So, My Lovely Bride™ is in need of a new laptop. She’s been using my old laptop, which I replaced nearly four years ago, when I bought my current machine, so it is quite frankly time for an upgrade. We talked about this extensively, and since she isn’t doing computer gaming anymore (we used to play some massively multiplayer online roleplaying games together, such as “Lord of the Rings Online” and “Rift”), the specs of this laptop need not be all that beefy.
Basically, if it can handle having a lot of tabs open for her hobby (looking up our family’s ancestry), that is plenty. So my suggestion was to go with a basic Chromebook. I have one that I bought earlier this year, for less than $200, which would more than fit the bill, when it comes to technical specs. She tried it, and only had a couple of complaints.
- The 11″ screen on my Chromebook was hard for her to use, since her current laptop has a 15″ screen.
- No backlit keyboard. She does a lot of web-surfing while in bed, or at least at night with the lights off, and she needs a backlit keyboard to be able to type accurately.
Now then, you might think these would be simple problems to resolve, right? Well, about that…
Finding a Chromebook that has a 15″ screen isn’t all that hard, to be honest. Finding new ones from this year, so you get the most of the 6.5 years worth of Chrome OS updates is a little harder, but still, could be done. I wish manufacturers were up front about when a particular model they produce no longer will receive updates, but that’s just how Chromebooks are, I guess.
Anyway, now find one with a backlit keyboard, that is also reasonably priced. From my research, this became very tricky, because – while there were 15″ Chromebooks with backlit keyboards available – they were either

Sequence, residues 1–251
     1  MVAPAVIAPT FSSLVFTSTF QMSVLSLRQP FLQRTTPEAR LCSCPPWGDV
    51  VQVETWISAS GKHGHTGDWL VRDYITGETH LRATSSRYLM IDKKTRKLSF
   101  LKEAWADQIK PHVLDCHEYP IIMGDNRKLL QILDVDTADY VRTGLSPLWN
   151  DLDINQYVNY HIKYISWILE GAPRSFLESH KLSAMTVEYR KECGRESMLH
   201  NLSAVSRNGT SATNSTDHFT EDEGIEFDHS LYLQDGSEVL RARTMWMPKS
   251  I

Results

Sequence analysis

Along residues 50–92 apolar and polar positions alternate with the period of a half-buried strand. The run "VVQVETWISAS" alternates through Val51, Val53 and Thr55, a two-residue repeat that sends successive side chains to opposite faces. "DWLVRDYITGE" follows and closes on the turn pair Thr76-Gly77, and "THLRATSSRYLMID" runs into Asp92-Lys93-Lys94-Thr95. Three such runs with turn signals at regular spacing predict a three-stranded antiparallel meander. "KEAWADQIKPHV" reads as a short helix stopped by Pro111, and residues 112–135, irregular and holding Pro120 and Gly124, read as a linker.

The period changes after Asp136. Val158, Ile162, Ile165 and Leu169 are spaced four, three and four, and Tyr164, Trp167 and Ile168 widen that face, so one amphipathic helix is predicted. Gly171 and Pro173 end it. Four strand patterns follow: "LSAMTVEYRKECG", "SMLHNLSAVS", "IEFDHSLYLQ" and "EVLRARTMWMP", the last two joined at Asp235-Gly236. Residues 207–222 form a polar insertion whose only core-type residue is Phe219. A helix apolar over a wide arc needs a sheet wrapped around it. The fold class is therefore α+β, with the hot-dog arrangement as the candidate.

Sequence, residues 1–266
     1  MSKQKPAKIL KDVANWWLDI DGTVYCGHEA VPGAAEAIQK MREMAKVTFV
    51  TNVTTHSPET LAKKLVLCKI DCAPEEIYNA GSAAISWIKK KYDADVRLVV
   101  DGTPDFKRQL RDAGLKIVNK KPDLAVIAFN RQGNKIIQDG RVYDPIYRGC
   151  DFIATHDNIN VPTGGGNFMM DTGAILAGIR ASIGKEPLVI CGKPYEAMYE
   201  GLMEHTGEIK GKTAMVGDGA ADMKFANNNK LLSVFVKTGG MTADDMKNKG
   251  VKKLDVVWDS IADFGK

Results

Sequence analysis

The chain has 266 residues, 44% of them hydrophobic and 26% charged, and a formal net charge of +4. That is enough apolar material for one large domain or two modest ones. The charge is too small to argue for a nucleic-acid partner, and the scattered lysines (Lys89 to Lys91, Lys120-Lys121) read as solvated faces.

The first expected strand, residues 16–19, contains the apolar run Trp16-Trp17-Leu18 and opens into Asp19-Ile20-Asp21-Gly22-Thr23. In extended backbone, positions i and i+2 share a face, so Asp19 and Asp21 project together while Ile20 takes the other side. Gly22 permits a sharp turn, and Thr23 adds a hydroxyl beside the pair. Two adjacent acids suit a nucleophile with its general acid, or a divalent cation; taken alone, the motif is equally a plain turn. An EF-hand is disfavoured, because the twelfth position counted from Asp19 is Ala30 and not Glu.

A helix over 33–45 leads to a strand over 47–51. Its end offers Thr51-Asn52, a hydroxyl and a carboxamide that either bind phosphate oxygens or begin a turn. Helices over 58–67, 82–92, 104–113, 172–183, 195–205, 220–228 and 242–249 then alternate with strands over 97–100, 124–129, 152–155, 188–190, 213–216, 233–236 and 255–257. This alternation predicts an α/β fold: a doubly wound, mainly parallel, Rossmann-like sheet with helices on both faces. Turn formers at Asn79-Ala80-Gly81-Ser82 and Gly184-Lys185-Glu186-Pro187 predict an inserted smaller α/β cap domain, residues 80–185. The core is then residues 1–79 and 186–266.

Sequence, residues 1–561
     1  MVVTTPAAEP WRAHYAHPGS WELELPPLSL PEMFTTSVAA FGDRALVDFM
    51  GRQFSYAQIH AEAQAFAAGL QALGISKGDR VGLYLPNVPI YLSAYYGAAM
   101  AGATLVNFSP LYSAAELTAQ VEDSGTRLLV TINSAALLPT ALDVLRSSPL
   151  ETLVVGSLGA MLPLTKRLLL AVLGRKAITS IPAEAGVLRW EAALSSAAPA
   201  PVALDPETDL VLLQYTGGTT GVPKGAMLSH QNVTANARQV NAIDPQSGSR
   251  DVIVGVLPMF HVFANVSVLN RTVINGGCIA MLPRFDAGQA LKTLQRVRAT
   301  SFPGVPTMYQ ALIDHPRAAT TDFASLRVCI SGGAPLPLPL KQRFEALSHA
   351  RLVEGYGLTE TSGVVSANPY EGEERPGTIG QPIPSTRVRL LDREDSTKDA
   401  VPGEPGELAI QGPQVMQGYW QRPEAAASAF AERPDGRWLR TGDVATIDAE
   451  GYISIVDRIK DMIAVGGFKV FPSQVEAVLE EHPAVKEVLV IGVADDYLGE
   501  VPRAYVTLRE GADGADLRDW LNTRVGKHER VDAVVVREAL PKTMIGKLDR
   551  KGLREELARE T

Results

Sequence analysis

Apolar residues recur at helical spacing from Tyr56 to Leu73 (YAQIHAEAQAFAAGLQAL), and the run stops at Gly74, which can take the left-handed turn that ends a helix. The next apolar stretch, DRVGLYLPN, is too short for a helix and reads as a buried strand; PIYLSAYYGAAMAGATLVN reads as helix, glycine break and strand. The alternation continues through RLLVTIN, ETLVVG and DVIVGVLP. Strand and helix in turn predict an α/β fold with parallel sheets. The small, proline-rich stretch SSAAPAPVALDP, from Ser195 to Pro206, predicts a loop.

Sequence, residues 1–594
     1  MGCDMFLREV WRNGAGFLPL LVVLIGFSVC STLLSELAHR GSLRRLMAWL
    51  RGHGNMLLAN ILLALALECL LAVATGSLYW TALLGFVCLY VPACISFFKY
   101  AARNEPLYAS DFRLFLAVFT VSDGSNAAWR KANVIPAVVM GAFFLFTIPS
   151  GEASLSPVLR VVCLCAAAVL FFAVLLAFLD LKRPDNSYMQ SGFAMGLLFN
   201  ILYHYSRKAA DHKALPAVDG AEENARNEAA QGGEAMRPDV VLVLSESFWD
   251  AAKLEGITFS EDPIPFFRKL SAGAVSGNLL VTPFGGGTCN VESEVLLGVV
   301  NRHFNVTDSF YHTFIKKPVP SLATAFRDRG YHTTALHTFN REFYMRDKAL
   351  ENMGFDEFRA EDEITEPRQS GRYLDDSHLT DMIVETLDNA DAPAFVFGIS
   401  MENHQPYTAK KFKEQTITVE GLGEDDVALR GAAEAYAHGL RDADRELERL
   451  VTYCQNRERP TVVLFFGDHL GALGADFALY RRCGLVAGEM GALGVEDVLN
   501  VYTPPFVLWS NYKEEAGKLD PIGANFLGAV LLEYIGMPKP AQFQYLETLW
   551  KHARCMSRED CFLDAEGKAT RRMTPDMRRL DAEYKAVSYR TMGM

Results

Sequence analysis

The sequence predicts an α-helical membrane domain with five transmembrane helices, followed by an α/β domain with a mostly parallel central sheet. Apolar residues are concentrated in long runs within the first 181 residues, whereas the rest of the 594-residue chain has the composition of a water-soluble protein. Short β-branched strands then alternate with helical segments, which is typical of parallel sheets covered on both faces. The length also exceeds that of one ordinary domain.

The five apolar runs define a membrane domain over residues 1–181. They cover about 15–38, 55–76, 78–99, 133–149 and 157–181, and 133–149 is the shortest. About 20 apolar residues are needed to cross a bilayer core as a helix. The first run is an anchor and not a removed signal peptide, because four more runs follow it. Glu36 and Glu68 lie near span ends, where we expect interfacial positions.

- About $200 more than a comparable model without a backlit keyboard, for some reason.
- Not a 2022 model, although some were labelled as such, but were actually much older.
The most egregious thing I found was the older Chromebooks being sold as 2022 models. There were some Acer models (for example) that I could track back to 2019 and 2020 being clearly sold as 2022 models, despite purchasers reporting otherwise, after finding out they were being short-changed of future updates by several years. These were new stock, but built years ago, and being sold as though they will receive the full amount of updates as a 2022 model, when they clearly will not.
That’s tantamount to fraud, in my opinion.
Regardless, I did find at least one Asus Chromebook that fit the bill for my Sweetie’s needs, as modest as they are… and it was only $500. But for that amount of money, why not just buy a basic laptop that runs Windows, instead? It would be roughly the same price, have the features she needs (as limited as those needs are), and we wouldn’t have to worry about updates to the operating system having a short shelf-life.
Problem: She hates Windows. In fact, if my wife never used Windows again, it would be too soon. personally, I don’t get her aversion to the OS, but it’s her computer, so she decides on such things.
Okay, before anyone asks…
- Apple laptops are off the table. Too expensive.
- Linux is off the table. Too stressful to learn, she’s tried before.
… and yes, I know Chrome OS is related to Linux, that’s besides the point. Look just roll with me here…
Anyway, now I’m looking at refurbishing her old laptop, that still works fine, as a stopgap measure until we figure out what to do about getting her something new. Yes, it’ll still run Windows 10, but it is also free (since we already have it). The main reason she moved on to her current laptop (my old one) was that her old one has a cracked hinge… which I have since fixed, as long as you don’t wrench the screen open too fast.
Currently I’m using her old laptop with Pop OS, a Linux-based operating system, and just for web-surfing. It would be pretty easy to slap Windows 10 back on it, and get her set back up thereon in no time. But she still needs a new laptop, because that hinge won’t last forever, and she deserves something that isn’t a hand-me-down computer.